There's a lot of confusion around what constitutes a proper biversion (this video gets fairly pedantic about it, for those who are curious), but for the purposes of this mod, we're talking about the installation of a hex inverter chip along with a rotated polarized film (the first inverts the palette at a software level, the second inverts that inversion via the film). If you don't remove the backing on the DMG screen (typically done for backlighting), you can't do the second inversion (which makes a difference).

Most tutorials only cover a single-state configuration, but in reading the original (?) explanation for the mod, I noticed that the author had used a switch to toggle the biversion state without any kind of kit, which was totally rad and something I wanted for my Combo-mod Gameboy.

To start, I began with a chip install on my test unit:

DMG bivert mod photo 1
DMG bivert mod photo 2
DMG bivert mod photo 3
DMG bivert mod photo 4

I then installed a SPDT on/off switch on my circuit based off nitro2k01's photos and my understanding of these excellent biversion tutorials (which had clear instructions and great photos):

A quick test, aaand:

Success! My layout ended up being a bit different, but the results were just as effective:

DMG bivert switch mod photo 1
DMG bivert switch mod photo 2
DMG bivert switch mod photo 3

I recommend soldering the grounds to appropriate locations on the same board as the bivert chip, since crossing boards becomes a pain when re-assembling the DMG.

The 3-speed "clock speed" switch

I found out about the DMG "clock speed" mod fairly recently, and after seeing some examples online, decided I'd like to make my DMG with switchable speeds.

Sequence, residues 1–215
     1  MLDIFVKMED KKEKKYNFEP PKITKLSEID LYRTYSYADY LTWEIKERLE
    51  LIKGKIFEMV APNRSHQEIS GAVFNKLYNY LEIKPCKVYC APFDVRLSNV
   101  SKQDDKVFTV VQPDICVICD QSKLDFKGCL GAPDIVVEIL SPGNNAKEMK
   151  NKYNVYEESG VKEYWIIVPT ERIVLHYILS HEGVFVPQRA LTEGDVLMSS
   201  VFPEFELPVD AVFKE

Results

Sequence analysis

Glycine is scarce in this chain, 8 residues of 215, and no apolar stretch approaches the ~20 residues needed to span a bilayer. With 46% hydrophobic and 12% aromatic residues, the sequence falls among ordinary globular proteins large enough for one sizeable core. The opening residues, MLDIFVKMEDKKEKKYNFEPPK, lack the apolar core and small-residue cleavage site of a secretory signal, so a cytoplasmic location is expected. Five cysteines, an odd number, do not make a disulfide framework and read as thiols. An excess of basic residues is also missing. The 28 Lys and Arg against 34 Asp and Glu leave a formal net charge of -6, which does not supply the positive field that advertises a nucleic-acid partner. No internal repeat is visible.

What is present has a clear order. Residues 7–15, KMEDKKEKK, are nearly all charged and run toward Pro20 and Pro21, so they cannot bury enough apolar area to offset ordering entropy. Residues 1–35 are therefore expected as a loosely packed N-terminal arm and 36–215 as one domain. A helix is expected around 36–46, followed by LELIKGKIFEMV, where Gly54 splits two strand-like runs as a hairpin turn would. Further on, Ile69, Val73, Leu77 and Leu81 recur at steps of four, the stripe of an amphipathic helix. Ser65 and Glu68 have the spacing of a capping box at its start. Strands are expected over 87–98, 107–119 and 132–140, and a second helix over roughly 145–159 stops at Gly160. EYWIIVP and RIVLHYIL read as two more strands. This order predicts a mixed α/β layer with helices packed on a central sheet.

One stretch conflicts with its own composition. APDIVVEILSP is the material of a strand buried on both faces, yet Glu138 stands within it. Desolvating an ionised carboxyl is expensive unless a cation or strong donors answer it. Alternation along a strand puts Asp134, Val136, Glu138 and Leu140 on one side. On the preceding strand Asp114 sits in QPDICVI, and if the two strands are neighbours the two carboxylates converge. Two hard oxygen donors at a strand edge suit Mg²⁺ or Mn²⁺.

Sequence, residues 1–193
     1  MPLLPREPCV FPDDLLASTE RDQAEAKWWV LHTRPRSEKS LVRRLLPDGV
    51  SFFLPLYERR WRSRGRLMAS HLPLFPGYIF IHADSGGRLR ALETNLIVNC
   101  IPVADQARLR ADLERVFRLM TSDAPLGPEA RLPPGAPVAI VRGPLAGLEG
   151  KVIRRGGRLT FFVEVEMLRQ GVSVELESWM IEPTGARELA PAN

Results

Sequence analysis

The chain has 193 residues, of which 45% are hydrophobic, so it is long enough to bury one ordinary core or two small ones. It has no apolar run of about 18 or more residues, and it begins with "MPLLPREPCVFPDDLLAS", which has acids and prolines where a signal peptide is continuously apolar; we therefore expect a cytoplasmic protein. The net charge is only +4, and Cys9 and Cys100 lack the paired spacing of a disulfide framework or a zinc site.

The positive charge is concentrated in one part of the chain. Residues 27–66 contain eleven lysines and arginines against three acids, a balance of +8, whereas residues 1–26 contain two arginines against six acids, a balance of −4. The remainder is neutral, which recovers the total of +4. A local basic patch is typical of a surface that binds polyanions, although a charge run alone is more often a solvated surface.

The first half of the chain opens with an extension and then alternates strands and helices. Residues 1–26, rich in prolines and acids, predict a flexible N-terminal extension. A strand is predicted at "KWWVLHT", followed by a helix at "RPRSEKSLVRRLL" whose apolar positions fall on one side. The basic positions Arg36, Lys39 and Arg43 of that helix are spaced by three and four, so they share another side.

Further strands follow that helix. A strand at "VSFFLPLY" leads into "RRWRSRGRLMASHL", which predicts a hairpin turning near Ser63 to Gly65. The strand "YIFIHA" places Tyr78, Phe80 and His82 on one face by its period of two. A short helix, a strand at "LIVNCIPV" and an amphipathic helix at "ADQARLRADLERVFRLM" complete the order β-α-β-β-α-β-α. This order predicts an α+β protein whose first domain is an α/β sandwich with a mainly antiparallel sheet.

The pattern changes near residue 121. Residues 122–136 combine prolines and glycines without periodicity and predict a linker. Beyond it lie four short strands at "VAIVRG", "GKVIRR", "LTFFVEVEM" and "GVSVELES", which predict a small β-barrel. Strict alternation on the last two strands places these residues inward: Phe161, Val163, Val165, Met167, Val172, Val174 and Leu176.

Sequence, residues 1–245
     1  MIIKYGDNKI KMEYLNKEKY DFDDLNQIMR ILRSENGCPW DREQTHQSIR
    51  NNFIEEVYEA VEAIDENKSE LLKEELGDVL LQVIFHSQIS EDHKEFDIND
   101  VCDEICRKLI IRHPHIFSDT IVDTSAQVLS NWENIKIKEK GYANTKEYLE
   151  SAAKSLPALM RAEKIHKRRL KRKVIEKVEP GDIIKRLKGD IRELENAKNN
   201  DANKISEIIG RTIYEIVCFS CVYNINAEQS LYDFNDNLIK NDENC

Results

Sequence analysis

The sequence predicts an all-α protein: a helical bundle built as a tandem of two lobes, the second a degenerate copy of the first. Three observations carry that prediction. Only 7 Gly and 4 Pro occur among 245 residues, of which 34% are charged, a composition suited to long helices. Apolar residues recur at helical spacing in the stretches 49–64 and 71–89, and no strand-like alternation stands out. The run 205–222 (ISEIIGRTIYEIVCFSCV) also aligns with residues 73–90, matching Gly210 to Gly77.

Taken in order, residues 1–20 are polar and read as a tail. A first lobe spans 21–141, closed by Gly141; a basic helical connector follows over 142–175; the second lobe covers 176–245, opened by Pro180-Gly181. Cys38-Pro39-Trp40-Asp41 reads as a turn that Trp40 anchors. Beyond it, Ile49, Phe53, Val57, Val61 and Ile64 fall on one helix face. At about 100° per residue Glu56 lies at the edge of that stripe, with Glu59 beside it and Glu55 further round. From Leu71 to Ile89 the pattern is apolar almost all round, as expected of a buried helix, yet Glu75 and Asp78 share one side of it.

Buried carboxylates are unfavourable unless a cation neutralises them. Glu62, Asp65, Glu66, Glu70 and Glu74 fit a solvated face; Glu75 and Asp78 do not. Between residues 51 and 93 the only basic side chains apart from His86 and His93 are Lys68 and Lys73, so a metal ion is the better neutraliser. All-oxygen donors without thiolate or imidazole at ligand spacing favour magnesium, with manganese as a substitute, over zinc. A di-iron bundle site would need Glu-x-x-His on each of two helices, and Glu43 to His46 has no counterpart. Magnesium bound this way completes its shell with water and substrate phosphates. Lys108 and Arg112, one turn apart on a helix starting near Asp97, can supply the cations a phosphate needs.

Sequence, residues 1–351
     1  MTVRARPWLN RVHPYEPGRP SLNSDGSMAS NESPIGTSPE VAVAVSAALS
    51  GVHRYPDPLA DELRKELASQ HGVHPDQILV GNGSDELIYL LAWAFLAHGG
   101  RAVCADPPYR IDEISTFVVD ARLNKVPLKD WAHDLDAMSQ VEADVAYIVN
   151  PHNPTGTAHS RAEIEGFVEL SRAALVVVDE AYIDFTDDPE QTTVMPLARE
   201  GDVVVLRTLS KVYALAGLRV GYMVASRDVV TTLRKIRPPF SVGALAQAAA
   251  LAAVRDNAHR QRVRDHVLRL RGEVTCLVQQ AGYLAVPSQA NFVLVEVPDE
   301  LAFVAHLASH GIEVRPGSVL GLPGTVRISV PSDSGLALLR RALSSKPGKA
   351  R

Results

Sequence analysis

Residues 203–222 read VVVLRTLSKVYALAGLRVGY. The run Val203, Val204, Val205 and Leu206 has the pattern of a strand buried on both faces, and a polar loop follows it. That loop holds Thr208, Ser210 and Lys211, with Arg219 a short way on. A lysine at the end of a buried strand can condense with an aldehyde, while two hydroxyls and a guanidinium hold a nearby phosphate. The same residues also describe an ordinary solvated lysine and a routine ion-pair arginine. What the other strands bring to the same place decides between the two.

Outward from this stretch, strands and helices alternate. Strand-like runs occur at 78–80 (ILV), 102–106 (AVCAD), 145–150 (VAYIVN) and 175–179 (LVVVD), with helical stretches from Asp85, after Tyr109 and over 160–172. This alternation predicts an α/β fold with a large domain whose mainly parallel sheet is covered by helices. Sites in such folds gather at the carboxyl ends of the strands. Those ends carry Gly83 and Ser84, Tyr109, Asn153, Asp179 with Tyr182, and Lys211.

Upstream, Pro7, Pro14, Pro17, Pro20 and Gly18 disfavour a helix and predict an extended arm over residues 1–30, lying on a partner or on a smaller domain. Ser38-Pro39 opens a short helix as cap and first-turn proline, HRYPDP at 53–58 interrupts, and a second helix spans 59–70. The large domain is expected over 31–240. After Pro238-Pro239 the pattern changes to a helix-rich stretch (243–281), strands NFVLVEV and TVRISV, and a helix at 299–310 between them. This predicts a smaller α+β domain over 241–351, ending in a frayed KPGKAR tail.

An important note about this mod: unlike the biversion switch, the clock "modes" cannot be changed on-the-fly with this configuration; the system must be powered down first. Not doing so will result in unceremonious power failure.

I started with this great overview of the mod, and simply updated the switch layout to accommodate 3 states instead of 2:

bivert switch diagram

Then, making use of a SPDT ON-OFF-ON rocker switch, some 2.097152 MHz (½x speed) and 8.388608 MHz (2x speed) crystal oscillators (you can get bags of these for a couple bucks on ebay), and a bit of solder, I had a working proof-of concept:

DMG oscillator clock speed switch photo 1
DMG oscillator clock speed switch photo 2
DMG oscillator clock speed switch photo 3

The results were very satisfying, but if I were to do a speed mod again, I'd definitely use a smaller switch, or even better, a Potentiometer-based speed mod (LTC1799 precision oscillator + Potentiometer to allow for on-the-fly adjustments along a range of speeds) instead.

Color-adjustable backlight